Plans by Murang’a governor Mwangi wa Iria to introduce a law regulating the avocado sub-sector has sent shockwaves across counties where the crop is grown, with fears that the legislation might have serious ripple effects.
The Avocado Processing and Marketing Bill imposes requirements for registration of avocado nurseries, licence to uproot a tree, movement permit and compels farmers to join cooperatives.
While the law seeks to introduce contracts between buyers and farmers and fix minimum farm-gate prices, buyers will be required to obtain a permit or be fined Sh2 million or jailed for two years.
Apart from the growers, withing the Agriculture and Food Authority (AFA), there are fears this step would undermine the authority’s mandate.
Gideon Gitonga, a farmer in Meru, price controls will not only negate the principles of free market but might also lead to farmer exploitation.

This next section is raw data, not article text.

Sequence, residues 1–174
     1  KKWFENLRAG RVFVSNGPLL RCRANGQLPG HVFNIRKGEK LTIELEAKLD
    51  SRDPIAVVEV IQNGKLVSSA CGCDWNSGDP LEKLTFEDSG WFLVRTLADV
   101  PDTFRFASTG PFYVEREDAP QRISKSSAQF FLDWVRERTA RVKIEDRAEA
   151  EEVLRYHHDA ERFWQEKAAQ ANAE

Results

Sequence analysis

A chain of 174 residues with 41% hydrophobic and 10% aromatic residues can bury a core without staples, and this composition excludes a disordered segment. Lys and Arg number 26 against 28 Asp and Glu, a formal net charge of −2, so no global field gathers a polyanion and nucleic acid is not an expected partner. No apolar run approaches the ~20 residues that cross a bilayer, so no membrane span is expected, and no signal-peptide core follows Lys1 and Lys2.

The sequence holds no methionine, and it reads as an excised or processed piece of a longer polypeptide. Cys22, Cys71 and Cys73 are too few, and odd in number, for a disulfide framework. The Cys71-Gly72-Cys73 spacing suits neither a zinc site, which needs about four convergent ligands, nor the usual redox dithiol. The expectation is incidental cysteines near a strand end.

“We appreciate that county governments are trying to help us but the moment they try to over-regulate the sector we are the ones to suffer,” Mr Gitonga said.
“The sector is doing relatively well and I don’t think such rules will make it better. There is a need to consult widely before such laws are put into place.”
A senior officer at AFA who did not want to be named said the law would create confusion in the sub-sector that is doing well, attracting multinational marketing agents.
The crop has become so lucrative with a fruit going for Sh12 a piece.
“The moment counties start introducing their own laws then we will be losing it. Cartels will creep in to exploit the situation to the detriment of the same farmer these laws are seeking to protect.”
Counties, the officer said, should domesticate various laws done by AFA and enforce them.”
While the fruit goes for up to Sh50 in Nairobi, the producing regions have had to sell them for a song during harvest while post-harvest losses have also been hurting earnings.